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· LIGHT TRESPASS Light trespass can be described as the effects of light or illuminance that strays from its intended purpose. On a roadway lighting system it is desirable to have all the light directed onto the roadway and not on the adjacent area. Poor quality lighting fixtures, which are generally of a non-cutoff type, will allow some of the light to fall on areas away from the road such a lawns and houses. A poor lighting design, which has employed the wrong luminaire distribution can also lead to unwanted light trespass. Some people are upset by the stray light that enters there property or windows. Related problems also involve the operators of motor vehicles and aircraft. Light trespass is easily quantifiable as a measure of illuminance and easily measured in the field by a standard light meter (similar to a meter purchased from a camera store). Some limits have been developed by San Diego County in California regarding light trespass. The county ordinance place the limit of stray light at 0.21 lux (equivalent to bright moonlight) on the horizontal and vertical planes at a point 1.5 m inside an owners property line. An ordinance from Skokie, Illinois classifies light falling on residences from a roadway lighting system in excess of 3 lux as a public nuisance. Although these limits cover a wide range of values they serve to illustrate that light trespass is being taken seriously as an environmental problem. The solutions to minimizing the problems of light trespass are simple and inexpensive. First, the designers must take care to use luminaires with distributions suitable to the roadway. For example, the use of a Type 3 distribution is inappropriate for a narrow residential road where a Type 2 distribution is more applicable. Second, the designer must take care to carry out the calculations properly to ensure the most efficient placement and design. Design levels should correspond as closely as possible to the IES minimum requirements. It is not necessary to apply an arbitrary "safety factor" and overlight an area. And finally, the use of full-cutoff luminaires greatly increase the control of the stray light.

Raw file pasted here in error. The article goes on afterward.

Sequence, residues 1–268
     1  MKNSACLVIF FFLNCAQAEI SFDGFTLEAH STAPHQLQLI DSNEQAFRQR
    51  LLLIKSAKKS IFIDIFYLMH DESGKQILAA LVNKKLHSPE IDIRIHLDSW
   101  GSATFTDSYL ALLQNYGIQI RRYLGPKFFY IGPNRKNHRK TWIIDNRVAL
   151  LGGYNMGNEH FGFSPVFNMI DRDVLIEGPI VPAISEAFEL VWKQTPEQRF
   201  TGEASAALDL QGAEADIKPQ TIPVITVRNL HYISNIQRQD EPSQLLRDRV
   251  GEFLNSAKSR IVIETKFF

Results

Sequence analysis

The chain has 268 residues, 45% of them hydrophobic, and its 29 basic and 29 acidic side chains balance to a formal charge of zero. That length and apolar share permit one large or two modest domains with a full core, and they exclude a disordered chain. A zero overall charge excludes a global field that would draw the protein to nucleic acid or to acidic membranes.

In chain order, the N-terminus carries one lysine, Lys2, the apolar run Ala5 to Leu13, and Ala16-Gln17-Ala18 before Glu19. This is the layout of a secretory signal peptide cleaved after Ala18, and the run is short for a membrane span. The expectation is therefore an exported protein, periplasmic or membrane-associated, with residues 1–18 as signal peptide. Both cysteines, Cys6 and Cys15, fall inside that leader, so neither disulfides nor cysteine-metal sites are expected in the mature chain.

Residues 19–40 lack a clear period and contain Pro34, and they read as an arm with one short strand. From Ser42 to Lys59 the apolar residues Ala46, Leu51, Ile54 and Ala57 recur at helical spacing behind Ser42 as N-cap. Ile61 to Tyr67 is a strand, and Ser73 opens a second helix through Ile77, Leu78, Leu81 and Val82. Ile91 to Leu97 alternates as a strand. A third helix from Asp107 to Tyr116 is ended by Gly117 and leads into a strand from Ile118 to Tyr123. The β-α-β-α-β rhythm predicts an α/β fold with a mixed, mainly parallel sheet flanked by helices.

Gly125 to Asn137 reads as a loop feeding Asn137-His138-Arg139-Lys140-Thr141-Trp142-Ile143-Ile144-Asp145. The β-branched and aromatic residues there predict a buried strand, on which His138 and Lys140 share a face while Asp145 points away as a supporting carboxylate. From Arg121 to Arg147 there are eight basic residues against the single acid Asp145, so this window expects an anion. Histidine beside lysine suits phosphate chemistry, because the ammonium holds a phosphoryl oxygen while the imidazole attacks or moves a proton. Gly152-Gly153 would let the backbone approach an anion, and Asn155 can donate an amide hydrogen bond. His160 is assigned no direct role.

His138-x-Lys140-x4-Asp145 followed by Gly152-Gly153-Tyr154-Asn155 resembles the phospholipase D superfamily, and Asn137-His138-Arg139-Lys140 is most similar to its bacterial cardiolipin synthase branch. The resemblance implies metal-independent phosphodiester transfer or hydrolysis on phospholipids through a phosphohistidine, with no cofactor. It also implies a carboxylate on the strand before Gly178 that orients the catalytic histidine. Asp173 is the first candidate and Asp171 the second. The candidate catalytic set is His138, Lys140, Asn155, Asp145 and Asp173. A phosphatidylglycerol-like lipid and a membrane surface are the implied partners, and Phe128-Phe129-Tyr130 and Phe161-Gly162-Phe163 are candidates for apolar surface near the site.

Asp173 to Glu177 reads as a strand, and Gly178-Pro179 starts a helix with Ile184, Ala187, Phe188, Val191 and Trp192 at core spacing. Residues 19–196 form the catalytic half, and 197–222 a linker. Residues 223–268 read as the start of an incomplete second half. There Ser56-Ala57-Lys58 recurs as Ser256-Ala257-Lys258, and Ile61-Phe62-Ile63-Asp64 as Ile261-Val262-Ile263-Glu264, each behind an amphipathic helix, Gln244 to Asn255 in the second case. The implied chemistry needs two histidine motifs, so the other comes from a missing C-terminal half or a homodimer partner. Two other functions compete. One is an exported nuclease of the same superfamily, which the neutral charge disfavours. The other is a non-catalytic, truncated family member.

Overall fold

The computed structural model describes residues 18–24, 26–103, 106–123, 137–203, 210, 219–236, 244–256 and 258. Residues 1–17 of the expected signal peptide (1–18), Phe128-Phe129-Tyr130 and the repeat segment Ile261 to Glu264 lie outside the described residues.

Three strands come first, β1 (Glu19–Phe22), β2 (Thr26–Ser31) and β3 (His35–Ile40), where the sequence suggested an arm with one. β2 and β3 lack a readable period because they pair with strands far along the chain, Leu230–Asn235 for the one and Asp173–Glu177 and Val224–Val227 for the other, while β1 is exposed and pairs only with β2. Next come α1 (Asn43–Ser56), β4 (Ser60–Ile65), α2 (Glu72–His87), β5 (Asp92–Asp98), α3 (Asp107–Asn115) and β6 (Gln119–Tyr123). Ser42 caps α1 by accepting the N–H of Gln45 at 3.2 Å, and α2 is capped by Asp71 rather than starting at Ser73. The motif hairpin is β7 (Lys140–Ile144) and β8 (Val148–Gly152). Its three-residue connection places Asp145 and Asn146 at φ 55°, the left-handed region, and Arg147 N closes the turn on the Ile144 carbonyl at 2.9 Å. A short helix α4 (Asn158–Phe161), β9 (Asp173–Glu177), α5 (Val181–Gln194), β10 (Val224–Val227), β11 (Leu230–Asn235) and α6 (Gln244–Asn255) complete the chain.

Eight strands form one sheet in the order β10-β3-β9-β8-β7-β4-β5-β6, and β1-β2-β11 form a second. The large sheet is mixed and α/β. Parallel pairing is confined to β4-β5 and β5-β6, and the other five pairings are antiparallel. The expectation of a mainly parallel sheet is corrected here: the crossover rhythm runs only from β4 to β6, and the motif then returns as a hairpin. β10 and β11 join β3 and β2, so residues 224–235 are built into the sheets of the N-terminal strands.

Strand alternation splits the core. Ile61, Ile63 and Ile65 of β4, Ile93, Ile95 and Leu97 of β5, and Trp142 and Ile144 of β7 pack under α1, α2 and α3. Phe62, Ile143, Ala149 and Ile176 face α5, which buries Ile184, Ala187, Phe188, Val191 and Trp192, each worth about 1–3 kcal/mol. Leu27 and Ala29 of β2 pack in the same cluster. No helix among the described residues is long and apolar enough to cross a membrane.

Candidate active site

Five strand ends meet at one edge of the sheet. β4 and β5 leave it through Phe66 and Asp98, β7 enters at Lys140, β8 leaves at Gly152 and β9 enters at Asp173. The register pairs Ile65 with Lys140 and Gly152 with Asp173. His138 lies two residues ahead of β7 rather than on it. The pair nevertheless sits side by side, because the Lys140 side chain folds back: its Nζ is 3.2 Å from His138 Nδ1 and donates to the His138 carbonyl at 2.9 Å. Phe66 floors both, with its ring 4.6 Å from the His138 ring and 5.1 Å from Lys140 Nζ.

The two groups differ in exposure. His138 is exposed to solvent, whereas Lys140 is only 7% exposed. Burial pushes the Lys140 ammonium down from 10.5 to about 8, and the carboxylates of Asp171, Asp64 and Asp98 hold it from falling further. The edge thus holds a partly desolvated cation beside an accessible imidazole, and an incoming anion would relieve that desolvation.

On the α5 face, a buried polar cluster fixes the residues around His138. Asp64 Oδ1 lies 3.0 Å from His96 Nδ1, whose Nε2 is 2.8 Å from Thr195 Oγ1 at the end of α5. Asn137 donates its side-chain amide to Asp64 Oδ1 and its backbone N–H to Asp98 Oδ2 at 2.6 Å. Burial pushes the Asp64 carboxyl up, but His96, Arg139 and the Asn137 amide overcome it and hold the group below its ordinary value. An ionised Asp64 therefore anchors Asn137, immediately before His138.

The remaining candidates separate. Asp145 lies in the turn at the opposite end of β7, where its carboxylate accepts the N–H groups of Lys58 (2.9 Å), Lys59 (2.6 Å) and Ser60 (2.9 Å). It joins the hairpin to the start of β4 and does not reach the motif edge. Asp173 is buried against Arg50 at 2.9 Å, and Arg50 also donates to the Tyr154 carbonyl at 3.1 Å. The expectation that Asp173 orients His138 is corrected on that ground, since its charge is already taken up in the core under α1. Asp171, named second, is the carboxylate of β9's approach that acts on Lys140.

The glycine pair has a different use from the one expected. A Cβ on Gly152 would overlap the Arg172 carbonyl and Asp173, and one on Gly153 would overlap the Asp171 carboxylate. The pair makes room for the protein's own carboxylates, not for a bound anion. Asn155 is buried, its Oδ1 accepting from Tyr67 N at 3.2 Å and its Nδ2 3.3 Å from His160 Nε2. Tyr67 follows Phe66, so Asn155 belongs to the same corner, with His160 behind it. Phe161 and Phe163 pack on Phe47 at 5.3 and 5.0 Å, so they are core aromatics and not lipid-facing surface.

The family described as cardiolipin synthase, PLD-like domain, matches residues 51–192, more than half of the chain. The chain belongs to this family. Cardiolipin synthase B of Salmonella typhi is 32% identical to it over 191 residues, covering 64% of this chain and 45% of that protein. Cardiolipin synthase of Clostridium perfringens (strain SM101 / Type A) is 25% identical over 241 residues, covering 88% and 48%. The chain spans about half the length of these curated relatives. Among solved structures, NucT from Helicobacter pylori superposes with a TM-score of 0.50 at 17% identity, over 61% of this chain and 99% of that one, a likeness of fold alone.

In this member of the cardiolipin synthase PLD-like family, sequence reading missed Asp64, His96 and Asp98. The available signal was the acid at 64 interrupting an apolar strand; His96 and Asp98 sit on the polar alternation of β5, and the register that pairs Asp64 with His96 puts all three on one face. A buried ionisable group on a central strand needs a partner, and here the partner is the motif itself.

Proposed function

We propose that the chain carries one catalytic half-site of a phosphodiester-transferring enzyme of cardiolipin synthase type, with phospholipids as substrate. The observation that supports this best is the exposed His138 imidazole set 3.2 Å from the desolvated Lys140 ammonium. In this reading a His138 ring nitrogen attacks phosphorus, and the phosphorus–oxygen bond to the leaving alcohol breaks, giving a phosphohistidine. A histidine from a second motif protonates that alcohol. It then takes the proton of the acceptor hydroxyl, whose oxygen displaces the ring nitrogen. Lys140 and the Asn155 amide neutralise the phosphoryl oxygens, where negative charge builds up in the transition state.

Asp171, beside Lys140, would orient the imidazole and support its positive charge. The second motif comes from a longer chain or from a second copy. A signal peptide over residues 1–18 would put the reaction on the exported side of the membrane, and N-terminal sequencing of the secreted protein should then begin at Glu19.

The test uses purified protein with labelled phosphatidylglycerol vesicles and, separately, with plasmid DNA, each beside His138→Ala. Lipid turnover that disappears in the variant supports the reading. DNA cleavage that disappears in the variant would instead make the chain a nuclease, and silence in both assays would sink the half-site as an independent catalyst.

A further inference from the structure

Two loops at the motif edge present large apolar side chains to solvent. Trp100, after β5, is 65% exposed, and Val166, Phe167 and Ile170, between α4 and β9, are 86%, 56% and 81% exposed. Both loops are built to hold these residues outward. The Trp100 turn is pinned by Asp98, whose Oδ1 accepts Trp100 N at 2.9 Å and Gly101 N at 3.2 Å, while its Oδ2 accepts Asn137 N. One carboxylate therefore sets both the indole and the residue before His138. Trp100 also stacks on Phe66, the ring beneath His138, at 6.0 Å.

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· GLARE Probably the most annoying and safety related aspect of light pollution is glare. Glare, which can be described as unwanted source luminance, can be categorized into three areas, and is defined by the IES as the sensation produced by luminance in the visual field that is sufficiently greater than the luminance to which the eye has adapted to cause annoyance, discomfort, or loss of visual performance and visibility (Ref 8). The three categories are described as follows: Blinding Glare: A glare that is so intense that for an appreciable time after the stimulus has been removed no object can be seen or easily distinguished. This is typical of the effect experienced when an oncoming driver forgets to dim the high beam headlights. presented here. Disability glare: Glare that causes reduced visual performance. Disability glare is also known as `veiling luminance' and is cause by the effect of the luminance of a source illuminating the inside of the eye in which the light rays are scattered or reflected within the eye reducing the contrast of images on the retina. This is analogous to turning on the lights in a movie theater and washing out the image on the screen. Disability glare can have serious repercussions on a roadway system as it reduces the drivers ability to distinguish objects clearly. The empirical formula for veiling luminance is listed in the previous section of this report. Discomfort Glare: Glare that produces discomfort or annoyance without necessarily interfering with visual performance. The IES although has reported that discomfort glare may cause fatigue which may result in driver error. This effect is very subjective and not easily quantifiable although several jurisdictions have applied some limits to the amount of discomfort glare permissible from a lighting system. The California Motor Vehicle Code limits the measured luminance of a light source, within 10 degrees of a driver's line of sight to not more than 1000 times the minimum measured ambient luminance in the field of view. This ordinance refers not only to roadway lighting but also to commercial signs adjacent to the road. Source luminance can be measured by sophisticated equipment such as luminance meters. Many psychologists have quantified this value for various age groups although this data will not be